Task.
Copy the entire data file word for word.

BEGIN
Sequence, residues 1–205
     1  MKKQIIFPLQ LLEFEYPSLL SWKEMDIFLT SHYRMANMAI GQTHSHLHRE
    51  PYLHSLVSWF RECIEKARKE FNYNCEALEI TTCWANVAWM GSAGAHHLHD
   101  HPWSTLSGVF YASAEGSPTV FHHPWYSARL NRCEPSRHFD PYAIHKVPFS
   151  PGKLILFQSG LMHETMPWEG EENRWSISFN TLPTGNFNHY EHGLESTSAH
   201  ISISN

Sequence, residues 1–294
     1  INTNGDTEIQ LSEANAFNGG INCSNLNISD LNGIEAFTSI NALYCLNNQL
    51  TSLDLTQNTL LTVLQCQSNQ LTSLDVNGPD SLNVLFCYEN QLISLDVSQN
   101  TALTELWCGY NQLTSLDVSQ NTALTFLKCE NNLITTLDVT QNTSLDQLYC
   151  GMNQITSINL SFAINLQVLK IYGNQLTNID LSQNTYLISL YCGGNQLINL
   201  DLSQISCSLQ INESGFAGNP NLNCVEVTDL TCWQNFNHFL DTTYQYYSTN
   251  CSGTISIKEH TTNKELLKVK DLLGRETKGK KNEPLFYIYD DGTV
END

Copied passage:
Sequence, residues 1–205
     1  MKKQIIFPLQ LLEFEYPSLL SWKEMDIFLT SHYRMANMAI GQTHSHLHRE
    51  PYLHSLVSWF RECIEKARKE FNYNCEALEI TTCWANVAWM GSAGAHHLHD
   101  HPWSTLSGVF YASAEGSPTV FHHPWYSARL NRCEPSRHFD PYAIHKVPFS
   151  PGKLILFQSG LMHETMPWEG EENRWSISFN TLPTGNFNHY EHGLESTSAH
   201  ISISN

Sequence, residues 1–294
     1  INTNGDTEIQ LSEANAFNGG INCSNLNISD LNGIEAFTSI NALYCLNNQL
    51  TSLDLTQNTL LTVLQCQSNQ LTSLDVNGPD SLNVLFCYEN QLISLDVSQN
   101  TALTELWCGY NQLTSLDVSQ NTALTFLKCE NNLITTLDVT QNTSLDQLYC
   151  GMNQITSINL SFAINLQVLK IYGNQLTNID LSQNTYLISL YCGGNQLINL
   201  DLSQISCSLQ INESGFAGNP NLNCVEVTDL TCWQNFNHFL DTTYQYYSTN
   251  CSGTISIKEH TTNKELLKVK DLLGRETKGK KNEPLFYIYD DGTV